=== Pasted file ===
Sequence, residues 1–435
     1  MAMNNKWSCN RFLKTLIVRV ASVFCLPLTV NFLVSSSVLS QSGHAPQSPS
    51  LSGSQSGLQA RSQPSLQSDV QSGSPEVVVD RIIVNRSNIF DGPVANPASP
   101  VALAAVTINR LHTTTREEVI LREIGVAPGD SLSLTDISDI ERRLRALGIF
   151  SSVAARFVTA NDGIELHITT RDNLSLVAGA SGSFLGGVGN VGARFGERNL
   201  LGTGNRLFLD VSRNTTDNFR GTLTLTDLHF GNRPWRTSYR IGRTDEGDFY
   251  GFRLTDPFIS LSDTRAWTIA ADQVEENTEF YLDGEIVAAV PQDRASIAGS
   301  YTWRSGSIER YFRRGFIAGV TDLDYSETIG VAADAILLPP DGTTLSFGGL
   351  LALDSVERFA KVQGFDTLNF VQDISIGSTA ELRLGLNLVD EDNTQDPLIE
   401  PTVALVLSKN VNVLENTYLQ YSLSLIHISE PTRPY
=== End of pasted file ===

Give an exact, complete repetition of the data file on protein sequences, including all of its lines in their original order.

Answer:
Sequence, residues 1–435
     1  MAMNNKWSCN RFLKTLIVRV ASVFCLPLTV NFLVSSSVLS QSGHAPQSPS
    51  LSGSQSGLQA RSQPSLQSDV QSGSPEVVVD RIIVNRSNIF DGPVANPASP
   101  VALAAVTINR LHTTTREEVI LREIGVAPGD SLSLTDISDI ERRLRALGIF
   151  SSVAARFVTA NDGIELHITT RDNLSLVAGA SGSFLGGVGN VGARFGERNL
   201  LGTGNRLFLD VSRNTTDNFR GTLTLTDLHF GNRPWRTSYR IGRTDEGDFY
   251  GFRLTDPFIS LSDTRAWTIA ADQVEENTEF YLDGEIVAAV PQDRASIAGS
   301  YTWRSGSIER YFRRGFIAGV TDLDYSETIG VAADAILLPP DGTTLSFGGL
   351  LALDSVERFA KVQGFDTLNF VQDISIGSTA ELRLGLNLVD EDNTQDPLIE
   401  PTVALVLSKN VNVLENTYLQ YSLSLIHISE PTRPY